Businesses and consumers have adopted tablets in droves since Apple introduced the iPad in 2010. More than half of online US consumers say they already own a tablet, but the intent to purchase tablets remains high. In other words, there's still room for growth in an industry that many see as close to maturity.
Wearable devices are here: in bed, at home, on the street, and in the office. We often think of fitness bands and smart glasses, but wearables are proliferating in weird and wonderful ways via clothing, jewelry, ear buds, and tattoos.
California is on the brink of becoming the first state to require kill switches in smartphones. The state's senate passed a bill this week mandating the security change, and it is now up to Governor Jerry Brown to sign it and make it law. The state's efforts are laudable, but may be moot at this point.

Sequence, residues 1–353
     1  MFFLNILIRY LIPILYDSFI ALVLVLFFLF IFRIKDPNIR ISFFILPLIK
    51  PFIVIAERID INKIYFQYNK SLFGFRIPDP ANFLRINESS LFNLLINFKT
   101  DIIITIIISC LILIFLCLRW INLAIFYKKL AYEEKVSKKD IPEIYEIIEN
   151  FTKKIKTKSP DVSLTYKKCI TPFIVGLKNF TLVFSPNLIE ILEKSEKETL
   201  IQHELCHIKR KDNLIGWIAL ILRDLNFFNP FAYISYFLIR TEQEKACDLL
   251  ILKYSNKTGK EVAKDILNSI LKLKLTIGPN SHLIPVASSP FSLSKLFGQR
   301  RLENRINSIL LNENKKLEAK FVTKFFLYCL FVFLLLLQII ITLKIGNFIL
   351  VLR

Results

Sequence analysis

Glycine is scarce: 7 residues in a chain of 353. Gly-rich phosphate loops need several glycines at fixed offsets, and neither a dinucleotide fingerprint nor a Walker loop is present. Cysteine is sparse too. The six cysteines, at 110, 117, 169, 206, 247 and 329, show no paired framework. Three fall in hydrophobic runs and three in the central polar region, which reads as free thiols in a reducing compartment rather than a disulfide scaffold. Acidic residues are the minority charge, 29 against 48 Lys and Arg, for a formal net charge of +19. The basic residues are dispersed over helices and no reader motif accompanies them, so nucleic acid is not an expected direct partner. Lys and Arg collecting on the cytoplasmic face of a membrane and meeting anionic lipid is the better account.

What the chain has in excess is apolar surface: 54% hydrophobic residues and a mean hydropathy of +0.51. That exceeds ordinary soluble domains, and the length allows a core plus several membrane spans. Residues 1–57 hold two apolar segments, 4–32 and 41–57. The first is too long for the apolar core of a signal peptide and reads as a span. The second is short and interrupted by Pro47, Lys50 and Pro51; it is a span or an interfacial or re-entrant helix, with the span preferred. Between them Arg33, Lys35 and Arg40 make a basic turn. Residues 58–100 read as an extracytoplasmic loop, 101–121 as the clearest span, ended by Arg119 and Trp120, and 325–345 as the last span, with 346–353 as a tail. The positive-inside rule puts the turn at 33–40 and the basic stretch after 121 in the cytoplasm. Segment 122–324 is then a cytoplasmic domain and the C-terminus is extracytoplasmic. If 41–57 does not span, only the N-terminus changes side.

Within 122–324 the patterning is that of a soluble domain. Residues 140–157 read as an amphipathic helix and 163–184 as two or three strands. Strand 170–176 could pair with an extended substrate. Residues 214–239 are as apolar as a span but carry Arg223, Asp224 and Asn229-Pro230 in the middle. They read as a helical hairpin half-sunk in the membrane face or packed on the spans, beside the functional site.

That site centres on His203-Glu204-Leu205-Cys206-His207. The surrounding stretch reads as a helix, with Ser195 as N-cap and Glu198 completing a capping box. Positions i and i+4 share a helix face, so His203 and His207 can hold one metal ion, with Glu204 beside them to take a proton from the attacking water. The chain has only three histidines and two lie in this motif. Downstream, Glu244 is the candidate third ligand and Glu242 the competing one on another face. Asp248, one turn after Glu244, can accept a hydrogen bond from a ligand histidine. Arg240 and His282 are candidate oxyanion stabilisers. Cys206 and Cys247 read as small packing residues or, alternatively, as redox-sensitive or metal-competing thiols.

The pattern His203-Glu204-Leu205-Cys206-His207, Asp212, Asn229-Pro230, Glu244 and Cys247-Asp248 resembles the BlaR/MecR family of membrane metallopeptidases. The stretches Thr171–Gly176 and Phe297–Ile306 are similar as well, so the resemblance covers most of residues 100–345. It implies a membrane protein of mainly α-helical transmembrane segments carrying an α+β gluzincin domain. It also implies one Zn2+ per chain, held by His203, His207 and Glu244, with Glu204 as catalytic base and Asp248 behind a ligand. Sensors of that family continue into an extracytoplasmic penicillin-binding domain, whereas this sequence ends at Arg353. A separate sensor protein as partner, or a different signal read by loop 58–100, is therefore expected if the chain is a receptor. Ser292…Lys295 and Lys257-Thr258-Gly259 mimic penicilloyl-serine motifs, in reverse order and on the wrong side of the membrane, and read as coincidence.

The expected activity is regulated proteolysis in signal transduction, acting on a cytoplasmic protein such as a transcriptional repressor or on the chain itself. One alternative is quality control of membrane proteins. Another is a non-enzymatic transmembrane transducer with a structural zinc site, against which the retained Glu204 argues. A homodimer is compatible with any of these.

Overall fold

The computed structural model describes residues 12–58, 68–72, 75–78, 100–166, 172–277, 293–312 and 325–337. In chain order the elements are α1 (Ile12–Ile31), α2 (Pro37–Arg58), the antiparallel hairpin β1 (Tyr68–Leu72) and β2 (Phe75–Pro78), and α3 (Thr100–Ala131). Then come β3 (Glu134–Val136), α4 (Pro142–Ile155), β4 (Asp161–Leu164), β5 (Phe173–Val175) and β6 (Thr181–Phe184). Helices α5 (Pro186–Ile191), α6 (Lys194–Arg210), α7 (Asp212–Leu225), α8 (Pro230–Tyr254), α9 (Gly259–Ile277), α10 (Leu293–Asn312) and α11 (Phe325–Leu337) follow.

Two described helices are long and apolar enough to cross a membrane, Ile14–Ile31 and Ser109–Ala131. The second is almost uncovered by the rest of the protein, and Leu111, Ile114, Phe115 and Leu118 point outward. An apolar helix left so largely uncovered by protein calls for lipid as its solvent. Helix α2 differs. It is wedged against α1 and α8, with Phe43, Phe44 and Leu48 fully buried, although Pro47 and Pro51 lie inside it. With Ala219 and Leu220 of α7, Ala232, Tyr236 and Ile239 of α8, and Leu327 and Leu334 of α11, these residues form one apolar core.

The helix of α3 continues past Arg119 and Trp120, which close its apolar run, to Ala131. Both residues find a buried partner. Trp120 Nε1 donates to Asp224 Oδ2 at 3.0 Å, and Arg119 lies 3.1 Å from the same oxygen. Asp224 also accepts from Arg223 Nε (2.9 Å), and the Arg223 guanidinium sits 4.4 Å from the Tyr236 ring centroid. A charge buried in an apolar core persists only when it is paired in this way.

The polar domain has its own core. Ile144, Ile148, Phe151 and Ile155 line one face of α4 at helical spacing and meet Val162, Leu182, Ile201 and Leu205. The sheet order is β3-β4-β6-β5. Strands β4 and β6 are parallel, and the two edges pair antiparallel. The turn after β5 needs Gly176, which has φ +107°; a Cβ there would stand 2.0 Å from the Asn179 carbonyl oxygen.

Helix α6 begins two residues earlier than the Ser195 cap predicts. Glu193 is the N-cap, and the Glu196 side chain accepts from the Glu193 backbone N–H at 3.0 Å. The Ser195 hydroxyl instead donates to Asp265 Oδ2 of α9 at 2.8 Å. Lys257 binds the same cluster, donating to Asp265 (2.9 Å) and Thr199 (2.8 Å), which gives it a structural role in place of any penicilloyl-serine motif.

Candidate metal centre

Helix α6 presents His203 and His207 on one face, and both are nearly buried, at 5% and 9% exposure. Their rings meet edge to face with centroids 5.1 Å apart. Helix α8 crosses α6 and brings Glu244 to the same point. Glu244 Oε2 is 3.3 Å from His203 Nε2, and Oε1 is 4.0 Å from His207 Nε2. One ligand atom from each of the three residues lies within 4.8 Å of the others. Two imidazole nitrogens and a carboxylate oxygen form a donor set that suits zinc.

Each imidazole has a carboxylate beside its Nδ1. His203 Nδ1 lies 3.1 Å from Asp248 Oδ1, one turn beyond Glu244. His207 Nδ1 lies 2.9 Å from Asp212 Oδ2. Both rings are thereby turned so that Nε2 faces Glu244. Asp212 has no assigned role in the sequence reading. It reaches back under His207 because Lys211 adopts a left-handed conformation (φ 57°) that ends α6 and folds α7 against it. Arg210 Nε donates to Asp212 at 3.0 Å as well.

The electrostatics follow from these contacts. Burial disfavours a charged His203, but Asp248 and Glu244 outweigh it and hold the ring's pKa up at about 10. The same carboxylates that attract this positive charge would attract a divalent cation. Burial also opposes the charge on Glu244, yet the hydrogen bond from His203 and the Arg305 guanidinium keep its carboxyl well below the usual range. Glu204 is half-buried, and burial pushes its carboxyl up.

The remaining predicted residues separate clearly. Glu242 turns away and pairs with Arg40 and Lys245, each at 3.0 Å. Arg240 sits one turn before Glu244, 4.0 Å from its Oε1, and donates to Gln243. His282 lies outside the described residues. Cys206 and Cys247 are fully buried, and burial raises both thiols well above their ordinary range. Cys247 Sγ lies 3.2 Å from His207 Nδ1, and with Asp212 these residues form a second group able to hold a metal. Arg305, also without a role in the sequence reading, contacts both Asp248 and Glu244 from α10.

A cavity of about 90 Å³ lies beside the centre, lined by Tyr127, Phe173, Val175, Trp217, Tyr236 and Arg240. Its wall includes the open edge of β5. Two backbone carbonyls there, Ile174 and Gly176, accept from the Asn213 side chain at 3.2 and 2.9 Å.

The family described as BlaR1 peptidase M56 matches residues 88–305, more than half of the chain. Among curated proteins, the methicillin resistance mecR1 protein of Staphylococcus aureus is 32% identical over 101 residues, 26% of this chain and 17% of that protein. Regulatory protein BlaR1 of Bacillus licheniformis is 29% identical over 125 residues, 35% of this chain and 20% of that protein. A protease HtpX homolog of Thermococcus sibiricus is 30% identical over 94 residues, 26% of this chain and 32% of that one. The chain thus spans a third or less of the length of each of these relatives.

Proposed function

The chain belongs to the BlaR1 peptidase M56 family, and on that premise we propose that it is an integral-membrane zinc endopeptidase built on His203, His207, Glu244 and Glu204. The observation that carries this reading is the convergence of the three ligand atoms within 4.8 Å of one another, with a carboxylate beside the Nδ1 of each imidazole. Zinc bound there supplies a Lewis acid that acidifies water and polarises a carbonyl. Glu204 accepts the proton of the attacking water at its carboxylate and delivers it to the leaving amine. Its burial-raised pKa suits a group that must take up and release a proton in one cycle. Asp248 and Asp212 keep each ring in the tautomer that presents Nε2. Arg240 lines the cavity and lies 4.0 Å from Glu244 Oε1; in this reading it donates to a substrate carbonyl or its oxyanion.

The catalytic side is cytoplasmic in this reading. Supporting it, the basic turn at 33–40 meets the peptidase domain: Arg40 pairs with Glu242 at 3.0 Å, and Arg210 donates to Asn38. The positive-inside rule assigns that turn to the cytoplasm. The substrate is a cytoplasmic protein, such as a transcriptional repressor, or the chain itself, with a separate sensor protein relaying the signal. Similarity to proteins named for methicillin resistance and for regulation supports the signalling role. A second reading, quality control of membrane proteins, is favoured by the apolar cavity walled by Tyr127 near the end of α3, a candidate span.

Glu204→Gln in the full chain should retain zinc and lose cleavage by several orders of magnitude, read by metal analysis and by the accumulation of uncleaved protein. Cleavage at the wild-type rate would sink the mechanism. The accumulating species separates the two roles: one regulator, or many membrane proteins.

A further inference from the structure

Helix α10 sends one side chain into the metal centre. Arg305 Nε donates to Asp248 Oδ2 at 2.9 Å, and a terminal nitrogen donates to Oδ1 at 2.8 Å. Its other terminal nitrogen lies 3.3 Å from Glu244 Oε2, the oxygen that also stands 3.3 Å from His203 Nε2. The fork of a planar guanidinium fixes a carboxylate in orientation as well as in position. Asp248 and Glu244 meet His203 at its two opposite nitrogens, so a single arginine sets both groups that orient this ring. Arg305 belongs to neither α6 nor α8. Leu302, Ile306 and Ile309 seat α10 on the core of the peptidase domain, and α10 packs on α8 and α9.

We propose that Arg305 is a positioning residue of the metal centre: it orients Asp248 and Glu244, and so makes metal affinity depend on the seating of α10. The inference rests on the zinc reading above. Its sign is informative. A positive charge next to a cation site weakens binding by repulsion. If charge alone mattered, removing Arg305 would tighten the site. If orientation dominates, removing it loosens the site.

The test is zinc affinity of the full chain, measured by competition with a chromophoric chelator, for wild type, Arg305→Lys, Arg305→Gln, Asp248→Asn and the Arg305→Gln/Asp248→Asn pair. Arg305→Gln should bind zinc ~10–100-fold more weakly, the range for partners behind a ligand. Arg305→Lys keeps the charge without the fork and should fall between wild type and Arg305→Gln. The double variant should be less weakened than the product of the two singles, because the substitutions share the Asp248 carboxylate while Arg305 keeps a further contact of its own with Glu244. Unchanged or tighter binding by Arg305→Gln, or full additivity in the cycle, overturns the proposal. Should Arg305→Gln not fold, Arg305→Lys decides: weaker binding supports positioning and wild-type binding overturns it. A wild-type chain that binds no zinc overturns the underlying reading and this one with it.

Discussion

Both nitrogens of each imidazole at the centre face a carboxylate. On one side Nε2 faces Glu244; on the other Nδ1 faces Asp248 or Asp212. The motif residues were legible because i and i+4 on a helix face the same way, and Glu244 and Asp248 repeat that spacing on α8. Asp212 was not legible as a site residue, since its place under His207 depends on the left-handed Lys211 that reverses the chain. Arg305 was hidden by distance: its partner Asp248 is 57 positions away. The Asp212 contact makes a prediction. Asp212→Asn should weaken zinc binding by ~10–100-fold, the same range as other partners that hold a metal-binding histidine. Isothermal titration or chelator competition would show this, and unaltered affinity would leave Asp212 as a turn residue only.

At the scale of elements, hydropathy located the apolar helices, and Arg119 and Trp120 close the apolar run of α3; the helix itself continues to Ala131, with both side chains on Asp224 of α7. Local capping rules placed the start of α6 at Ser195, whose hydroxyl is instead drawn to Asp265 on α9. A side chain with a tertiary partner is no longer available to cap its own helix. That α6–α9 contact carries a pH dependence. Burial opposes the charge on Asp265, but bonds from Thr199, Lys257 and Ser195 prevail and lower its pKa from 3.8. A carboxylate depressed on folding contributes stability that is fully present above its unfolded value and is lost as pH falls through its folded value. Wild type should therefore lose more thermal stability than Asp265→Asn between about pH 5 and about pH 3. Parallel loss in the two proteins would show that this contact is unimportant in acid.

LG is delivering a small system update to the G Watch, its Android wearable, to resolve a problem plaguing the hardware. The company also teamed with AT&T Monday to kick off sales of the G Pad 7.0, its small-screened Android tablet.
Google plans to add Hangouts to its Google Apps for Business suite and to enhance its Chromebox for meetings conferencing system in an effort to provide business customers with a more comprehensive platform for communications and collaboration.
Samsung has put the launch of its Tizen-based Z smartphone on indefinite hold. The phone was expected to arrive in Russia this quarter, but the company today said it still has work to do. The problem? Developers haven't created enough apps for the platform. It may be time for Samsung to admit defeat from this effort and move on.
Apple's iPhone and iPad run undisclosed services that allow security features to be bypassed, according to a prominent computer security researcher. In a presentation at the HOPE/X hacking conference in New York on Friday, forensic researcher Jonathan Zdziarski described several undocumented iOS services that can function as backdoors, allowing ...